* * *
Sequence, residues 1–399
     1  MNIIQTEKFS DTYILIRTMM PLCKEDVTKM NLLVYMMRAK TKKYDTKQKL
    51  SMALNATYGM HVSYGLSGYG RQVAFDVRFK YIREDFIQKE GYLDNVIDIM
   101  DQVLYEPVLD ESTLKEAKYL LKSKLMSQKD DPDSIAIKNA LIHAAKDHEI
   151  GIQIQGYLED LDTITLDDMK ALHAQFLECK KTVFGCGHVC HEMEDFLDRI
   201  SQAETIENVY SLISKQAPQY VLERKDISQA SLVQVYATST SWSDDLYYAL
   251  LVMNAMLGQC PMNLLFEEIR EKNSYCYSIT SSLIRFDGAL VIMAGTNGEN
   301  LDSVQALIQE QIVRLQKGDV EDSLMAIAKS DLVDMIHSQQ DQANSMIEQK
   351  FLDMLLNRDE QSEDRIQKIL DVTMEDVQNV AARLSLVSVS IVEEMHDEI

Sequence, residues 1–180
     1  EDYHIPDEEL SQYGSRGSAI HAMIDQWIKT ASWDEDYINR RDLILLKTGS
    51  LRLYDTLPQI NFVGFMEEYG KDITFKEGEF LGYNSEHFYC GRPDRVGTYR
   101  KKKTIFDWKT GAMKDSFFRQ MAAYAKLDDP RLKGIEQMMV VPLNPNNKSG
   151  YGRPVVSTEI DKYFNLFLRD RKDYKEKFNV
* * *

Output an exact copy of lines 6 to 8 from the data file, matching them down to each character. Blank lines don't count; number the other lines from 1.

   201  SQAETIENVY SLISKQAPQY VLERKDISQA SLVQVYATST SWSDDLYYAL
   251  LVMNAMLGQC PMNLLFEEIR EKNSYCYSIT SSLIRFDGAL VIMAGTNGEN
   301  LDSVQALIQE QIVRLQKGDV EDSLMAIAKS DLVDMIHSQQ DQANSMIEQK